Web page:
The Chinese government is creating its own version of the online source of information, Wikipedia.
China’s version is expected to be released next year. It will include around 300,000 entries on subjects including science, literature, history and politics. The government chose professors and experts to write the entries.
Wikipedia is an online encyclopedia that is edited almost completely by the public.
The Chinese version will be written by experts chosen by the government.
The writers say truth is their guiding light, and their editing process will be demanding. Zhang Baichun is chief editor of the history of science and technology section. He said that if there are any differences of opinion about facts, a committee will try to solve the problem.
He told the Associated Press, "Of course, science does not come from democratic votes, to convince others you will have to present the most convincing proof."
This project is led by the Communist Party's central propaganda department. It tries to form public opinion through instructions to China's media, internet companies and publishing industry. It also oversees education. The department has instructed the Encyclopedia of China Publishing House to produce the project.
The Chinese government attempts to control what information is shared on the internet. However, citizens comment on news or post photos on social media all the time. Chinese censors then try to remove unwanted posts or block some messages from being searched.
China also regularly blocks overseas sites, including Facebook and Twitter. It also has blocked Wikipedia's English and Chinese versions at times.
Jiang Lijun is a top editor at the Encyclopedia of China Publishing House. She said that her group plans to write entries on political leaders, the history of the Communist Party, and subjects including virtual reality, artificial intelligence and the European Union.
Jiang also said the encyclopedia will write entries about subjects that are less likely to change, or with academic value, rather than current events. However, she said they will try to “strike a balance between…being timely and what people are searching for."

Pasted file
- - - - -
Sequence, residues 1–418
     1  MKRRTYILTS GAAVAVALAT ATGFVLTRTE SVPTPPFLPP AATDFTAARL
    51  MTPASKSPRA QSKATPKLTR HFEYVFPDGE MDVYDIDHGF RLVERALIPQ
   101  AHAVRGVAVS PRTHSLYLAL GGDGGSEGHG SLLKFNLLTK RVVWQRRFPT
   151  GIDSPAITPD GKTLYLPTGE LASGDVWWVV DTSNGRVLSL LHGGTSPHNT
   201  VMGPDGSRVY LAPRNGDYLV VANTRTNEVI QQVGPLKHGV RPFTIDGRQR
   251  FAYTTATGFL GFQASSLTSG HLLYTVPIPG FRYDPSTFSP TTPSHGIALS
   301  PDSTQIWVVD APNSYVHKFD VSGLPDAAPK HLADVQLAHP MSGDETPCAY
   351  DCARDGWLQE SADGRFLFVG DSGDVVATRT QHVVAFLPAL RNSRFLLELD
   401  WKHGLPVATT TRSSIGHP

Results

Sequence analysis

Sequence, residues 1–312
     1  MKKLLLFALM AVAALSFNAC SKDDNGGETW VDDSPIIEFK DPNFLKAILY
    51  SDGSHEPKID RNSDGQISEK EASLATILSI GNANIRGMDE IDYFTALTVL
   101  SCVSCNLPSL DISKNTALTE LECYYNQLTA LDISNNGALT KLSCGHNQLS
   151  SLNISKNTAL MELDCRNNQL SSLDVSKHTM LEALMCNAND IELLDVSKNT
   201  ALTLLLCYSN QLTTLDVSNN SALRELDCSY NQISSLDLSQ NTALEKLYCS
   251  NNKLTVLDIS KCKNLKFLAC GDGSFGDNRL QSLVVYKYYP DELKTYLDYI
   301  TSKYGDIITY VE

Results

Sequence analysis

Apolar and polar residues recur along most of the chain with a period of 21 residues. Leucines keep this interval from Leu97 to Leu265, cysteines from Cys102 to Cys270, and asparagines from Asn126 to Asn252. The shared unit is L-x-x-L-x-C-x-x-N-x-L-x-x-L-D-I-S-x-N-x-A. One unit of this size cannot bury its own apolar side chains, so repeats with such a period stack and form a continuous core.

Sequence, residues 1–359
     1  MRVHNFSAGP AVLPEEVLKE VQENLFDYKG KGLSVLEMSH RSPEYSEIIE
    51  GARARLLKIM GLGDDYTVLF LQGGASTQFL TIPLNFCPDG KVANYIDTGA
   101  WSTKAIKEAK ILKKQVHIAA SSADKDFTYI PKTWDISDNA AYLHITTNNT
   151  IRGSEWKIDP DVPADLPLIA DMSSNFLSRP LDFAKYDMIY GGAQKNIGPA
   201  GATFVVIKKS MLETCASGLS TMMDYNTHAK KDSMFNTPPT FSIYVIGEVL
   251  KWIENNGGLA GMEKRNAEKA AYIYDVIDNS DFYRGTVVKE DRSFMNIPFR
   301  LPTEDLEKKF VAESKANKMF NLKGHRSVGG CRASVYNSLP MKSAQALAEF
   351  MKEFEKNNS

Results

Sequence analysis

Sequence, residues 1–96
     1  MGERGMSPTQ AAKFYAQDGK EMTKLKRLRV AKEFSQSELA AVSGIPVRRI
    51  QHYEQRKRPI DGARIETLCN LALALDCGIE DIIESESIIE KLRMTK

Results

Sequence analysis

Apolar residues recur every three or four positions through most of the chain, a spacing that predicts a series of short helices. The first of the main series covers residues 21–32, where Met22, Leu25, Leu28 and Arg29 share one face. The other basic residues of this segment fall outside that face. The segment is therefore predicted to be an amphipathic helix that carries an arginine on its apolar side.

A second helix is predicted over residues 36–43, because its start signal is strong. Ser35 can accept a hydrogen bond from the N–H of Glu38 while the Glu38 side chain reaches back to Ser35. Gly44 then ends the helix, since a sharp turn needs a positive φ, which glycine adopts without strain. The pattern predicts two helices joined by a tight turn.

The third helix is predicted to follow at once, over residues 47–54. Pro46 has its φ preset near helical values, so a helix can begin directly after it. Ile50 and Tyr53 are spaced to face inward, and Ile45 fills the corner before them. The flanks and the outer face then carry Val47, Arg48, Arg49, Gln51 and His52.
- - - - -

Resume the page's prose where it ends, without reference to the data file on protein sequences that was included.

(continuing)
Jiang chose not to comment on how the website would present events that are politically sensitive in China. These include the Cultural Revolution and the 1989 Tiananmen Square protests.
“Quite different” from Wikipedia
Qiao Mu is an independent media analyst in Beijing. He said the Chinese Encyclopedia would be "quite different" from Wikipedia. It will have to follow rules on presenting disputed information.
"If it's not blocked in China, the publisher must accept censorship, either self-censorship or censored by authorities," he said.
He said the encyclopedia would probably only present one official version of sensitive historical events. It will likely not include items like the Tiananmen Square protests or the outlawed Falun Gong spiritual group. Currently, these items cannot be found on the internet in China.
Jiang said that the encyclopedia will only be in the Chinese language at first. However, her group is researching if a version in English would be possible. She also said they met with a team from Wikipedia to learn from their experience creating the online encyclopedia.
Wikipedia is edited by hundreds of thousands of volunteers around the world. The site has more than 40 million articles, and is available in nearly 300 languages. More than 900,000 entries are in Chinese, compared with more than 5 million in English.
Jiang says, "there is Chinese content on Wikipedia too, but sometimes it is not as accurate as it could be.”
Encyclopedia editor Zhang Baichun also is a professor of the history of science and technology. He said the online version will make it easier to reach more and younger readers.
Zhang said there is a process to create entries for sections like the history of science and technology. He said first the professors from the Chinese Academy of Sciences' Institute of Natural Sciences hold meetings with experienced and young experts in their fields to form a committee. The committee then finds the most knowledgeable person on a topic to write a version of the article.
The version is then reviewed by a section chief editor, and finally by the committee.
"If there is a difference of opinion, all deputy and chief editors should participate in the discussion and figure it out together," Zhang said. "We will reason things out with the author until we reach an agreement, or change the author."
I’m Jill Robbins.
And I'm Phil Dierking.
This story was originally written for Associated Press. Phil Dierking adapted it for VOA Learning English. Mario Ritter was the editor.
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Words in This Story
censor - n. a person who examines books, movies, letters, etc., and removes things that are considered to be offensive, immoral, harmful to society, etc.
controversial - adj. relating to or causing much discussion, disagreement, or argument : likely to produce controversy
encyclopedia - n. a reference work that contains information about many different subjects or a lot of information about a particular subject
edit - adj. to make changes, correct mistakes, etc.
entry - n. the act of entering something in a book, list, etc.
participate - v. to be involved with others in doing something : to take part in an activity or event with others